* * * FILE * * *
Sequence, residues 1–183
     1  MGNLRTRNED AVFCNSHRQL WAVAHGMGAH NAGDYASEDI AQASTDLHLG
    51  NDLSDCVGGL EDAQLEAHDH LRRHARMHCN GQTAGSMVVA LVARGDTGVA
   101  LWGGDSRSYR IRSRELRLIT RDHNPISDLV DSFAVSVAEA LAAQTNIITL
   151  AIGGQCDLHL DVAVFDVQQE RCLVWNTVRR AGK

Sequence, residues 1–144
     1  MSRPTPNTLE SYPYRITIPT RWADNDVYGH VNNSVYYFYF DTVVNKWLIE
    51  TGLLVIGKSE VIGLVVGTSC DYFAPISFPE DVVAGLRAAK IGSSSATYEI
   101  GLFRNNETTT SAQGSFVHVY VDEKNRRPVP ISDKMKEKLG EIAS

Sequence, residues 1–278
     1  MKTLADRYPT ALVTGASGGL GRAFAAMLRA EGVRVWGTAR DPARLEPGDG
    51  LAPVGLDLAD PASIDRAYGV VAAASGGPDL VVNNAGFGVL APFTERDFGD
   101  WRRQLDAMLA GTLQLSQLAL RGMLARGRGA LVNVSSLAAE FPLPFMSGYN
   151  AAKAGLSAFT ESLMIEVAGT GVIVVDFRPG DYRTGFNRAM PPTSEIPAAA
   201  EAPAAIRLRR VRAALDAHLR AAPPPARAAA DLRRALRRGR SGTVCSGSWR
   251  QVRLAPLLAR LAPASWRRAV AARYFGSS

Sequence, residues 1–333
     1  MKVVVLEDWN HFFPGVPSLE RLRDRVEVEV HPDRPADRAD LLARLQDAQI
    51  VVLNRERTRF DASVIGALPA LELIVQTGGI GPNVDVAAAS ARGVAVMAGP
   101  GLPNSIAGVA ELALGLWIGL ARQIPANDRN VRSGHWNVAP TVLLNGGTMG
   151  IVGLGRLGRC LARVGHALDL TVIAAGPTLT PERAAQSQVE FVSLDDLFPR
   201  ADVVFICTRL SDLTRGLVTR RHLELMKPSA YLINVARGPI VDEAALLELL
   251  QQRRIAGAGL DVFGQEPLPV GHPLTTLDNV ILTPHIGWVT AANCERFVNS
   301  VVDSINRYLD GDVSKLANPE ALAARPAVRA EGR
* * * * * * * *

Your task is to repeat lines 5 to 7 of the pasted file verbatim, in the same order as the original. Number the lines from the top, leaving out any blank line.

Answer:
   151  AIGGQCDLHL DVAVFDVQQE RCLVWNTVRR AGK

Sequence, residues 1–144
     1  MSRPTPNTLE SYPYRITIPT RWADNDVYGH VNNSVYYFYF DTVVNKWLIE